Chemotherapy and radiation treatments for head and neck cancers cause serious oral side effects, oral mucositis as the primary culprit. A new rinse in Phase 2 clinical trials shows positive results in reducing oral ulcerations with a possibility for prophylactic use.
"Patients who develop severe ulcerative oral mucositis are 3-4 times more likely to experience an interruption in their chemoradiation" said Alan F. Joslyn, PhD, President & CEO of Oragenics, Inc.
A rinse formulated from a Gram-positive bacterium for the treatment of oral mucositis is showing positive results in its interim safety analysis on patients from its Phase 2 clinical trial. Oragenics, Inc. holds the worldwide license on AG013, a food grade microbe Lactococcus lactis producing human Trefoil Factor 1(hTFF1), an essential protein to the mucosa lining of the oral cavity. The information in the study indicates that the incidence of oral mucositis is likely less than in the general population and the clinical trial is permitted to proceed with no changes to the study.
Oral Mucositis, a painful condition beginning after the initiation of chemotherapy and radiation treatments, is a prevalent side effect of cancer treatment therapies. Inflammation of the oral tissues causes ulcerations to occur as soon as a week after the first administration and can lead to nutritional problems and an increased risk of infection. Patients who suffer from oral mucositis avoid activities resulting in tissue manipulation, like homecare routines and necessary dental office visits.
Other side effects from chemotherapy and radiation, such as reduced salivary flow, nausea and vomiting, further compromise the patient’s oral health after receiving cancer treatments. Avoidance of dental treatment during periods of compromised immunity often leaves patients with severe complications such as dental decay and periodontal disease. New measures to reduce complications from oral mucositis might help dentists remain more involved in the treatment process.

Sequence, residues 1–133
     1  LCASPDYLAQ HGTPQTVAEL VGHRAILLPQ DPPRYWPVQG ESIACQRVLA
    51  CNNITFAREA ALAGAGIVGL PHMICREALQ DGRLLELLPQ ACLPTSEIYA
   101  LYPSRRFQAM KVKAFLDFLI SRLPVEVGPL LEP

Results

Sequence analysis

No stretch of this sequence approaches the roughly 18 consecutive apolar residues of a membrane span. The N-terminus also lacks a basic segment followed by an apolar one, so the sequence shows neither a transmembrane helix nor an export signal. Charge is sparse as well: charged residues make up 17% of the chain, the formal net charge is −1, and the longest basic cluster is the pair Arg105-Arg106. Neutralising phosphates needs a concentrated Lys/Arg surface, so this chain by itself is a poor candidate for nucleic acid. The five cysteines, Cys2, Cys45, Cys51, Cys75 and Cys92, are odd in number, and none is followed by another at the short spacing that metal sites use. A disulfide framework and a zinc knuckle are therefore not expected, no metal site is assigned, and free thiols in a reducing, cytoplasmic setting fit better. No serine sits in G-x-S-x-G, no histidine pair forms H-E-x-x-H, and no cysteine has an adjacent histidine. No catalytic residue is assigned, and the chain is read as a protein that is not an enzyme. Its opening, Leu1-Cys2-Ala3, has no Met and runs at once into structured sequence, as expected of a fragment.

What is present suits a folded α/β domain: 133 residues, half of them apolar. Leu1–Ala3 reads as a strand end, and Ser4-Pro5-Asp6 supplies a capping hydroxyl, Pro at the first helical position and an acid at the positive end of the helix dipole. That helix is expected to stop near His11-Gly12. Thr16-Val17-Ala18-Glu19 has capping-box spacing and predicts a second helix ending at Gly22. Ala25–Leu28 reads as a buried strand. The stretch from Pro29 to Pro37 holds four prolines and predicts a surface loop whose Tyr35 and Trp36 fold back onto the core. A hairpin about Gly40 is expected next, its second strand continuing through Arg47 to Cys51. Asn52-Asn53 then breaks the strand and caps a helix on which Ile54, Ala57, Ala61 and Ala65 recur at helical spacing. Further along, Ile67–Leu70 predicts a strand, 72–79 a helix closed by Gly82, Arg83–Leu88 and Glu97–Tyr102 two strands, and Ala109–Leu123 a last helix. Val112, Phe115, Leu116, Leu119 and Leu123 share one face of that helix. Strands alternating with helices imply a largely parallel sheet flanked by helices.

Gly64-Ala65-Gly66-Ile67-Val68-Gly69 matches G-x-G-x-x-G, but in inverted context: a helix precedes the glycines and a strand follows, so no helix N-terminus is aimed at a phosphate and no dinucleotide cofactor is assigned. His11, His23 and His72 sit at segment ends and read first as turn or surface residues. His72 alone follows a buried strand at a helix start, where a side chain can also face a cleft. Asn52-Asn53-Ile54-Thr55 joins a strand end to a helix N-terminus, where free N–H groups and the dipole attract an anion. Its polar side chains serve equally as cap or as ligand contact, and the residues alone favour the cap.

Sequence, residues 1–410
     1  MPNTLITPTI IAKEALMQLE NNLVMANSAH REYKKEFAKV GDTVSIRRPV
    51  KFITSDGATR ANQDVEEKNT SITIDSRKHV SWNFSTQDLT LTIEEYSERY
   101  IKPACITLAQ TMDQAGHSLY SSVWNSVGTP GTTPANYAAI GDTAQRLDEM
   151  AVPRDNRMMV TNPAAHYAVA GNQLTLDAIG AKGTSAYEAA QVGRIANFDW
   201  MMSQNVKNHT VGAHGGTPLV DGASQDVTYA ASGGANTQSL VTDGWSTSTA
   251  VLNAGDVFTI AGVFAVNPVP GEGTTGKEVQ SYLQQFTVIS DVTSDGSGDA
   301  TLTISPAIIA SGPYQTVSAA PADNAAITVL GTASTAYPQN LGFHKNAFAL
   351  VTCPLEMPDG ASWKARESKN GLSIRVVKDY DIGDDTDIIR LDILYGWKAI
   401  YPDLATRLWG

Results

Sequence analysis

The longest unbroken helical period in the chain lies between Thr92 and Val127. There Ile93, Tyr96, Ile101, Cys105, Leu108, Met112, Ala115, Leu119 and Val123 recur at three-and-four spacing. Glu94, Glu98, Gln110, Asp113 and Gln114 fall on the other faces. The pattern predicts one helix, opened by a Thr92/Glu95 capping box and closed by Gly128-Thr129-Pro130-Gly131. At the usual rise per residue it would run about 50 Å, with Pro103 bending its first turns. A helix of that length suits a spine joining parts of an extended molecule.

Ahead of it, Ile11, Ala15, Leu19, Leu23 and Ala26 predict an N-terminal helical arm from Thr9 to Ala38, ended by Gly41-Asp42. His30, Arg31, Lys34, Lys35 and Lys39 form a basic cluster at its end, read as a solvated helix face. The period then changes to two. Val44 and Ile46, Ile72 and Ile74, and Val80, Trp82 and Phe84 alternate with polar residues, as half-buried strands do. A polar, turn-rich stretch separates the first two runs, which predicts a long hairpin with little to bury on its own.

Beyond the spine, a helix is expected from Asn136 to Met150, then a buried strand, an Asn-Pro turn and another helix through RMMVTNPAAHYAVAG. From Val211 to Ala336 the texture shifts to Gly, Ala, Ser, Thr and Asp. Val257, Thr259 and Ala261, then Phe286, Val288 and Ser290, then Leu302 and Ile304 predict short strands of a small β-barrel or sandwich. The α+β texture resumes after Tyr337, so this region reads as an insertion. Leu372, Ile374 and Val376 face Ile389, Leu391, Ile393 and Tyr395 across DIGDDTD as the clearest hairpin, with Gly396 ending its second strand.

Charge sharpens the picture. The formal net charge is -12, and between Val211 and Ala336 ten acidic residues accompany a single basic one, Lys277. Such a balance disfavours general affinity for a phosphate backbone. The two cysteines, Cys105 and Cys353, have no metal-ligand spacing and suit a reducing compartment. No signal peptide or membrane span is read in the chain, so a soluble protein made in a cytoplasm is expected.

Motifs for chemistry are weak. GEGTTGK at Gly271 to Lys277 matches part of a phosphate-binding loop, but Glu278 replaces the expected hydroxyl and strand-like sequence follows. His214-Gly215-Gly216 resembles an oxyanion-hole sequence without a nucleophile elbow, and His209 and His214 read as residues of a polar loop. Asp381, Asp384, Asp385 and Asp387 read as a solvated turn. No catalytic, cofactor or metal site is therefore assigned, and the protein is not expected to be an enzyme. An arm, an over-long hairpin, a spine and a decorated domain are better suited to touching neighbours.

When asked about the potential for preventative use, Alan F. Joslyn, PhD, President & CEO of Oragenics, Inc., said “The primary endpoint is reduction in number of days of ulcerative oral mucositis” adding “we are also collecting information on the number of patients that never develop ulcerative oral mucositis, which would be ‘responders’ and this would constitute a prevention claim.” The trial’s conclusion will provide more evidence on the claim.
Patients who have an increased risk of developing oral mucositis, like individuals with poor hygiene, compromised immunity and smokers, might benefit from a product commercialized for the prevention of oral mucositis. The dental professional’s awareness of risk factors places them at the forefront of prevention in the fight against the condition. Open communication between the patient, dentist and oncologist will be imperative for proper administration of the AG013 rinse.
Joslyn says reducing the likelihood of treatment interruption from ulcerative oral mucositis has the greatest potential cost benefit for patients. “Patients who develop severe ulcerative oral mucositis are 3-4 times more likely to experience an interruption in their chemoradiation regimen and experience a 2-8 times greater cost” he said, adding that affected patients experience “on average 9 extra days in the hospital related to management of oral mucositis.”
The research has not extended to the potential benefits it could offer to dentistry, according to Joslyn, but its advantages to the dental community are apparent. Losing track of patients during cancer treatment is a common issue aggravated by the presence of oral mucositis. The ability to combat painful oral ulcerations with a well-tolerated prescription rinse could reduce treatment avoidance.
The product is an “easy-to-use at home rinse”, said Joslyn, adding “in office treatments may occur but are not necessary”. When asked who the primary prescribers of the AG013 mouth rinse would be, Joslyn says it is undetermined. When the product is developed for release into the market, dentists will have a new tool in their armamentarium for combating adverse side effects associated with necessary chemotherapy and radiation treatments.
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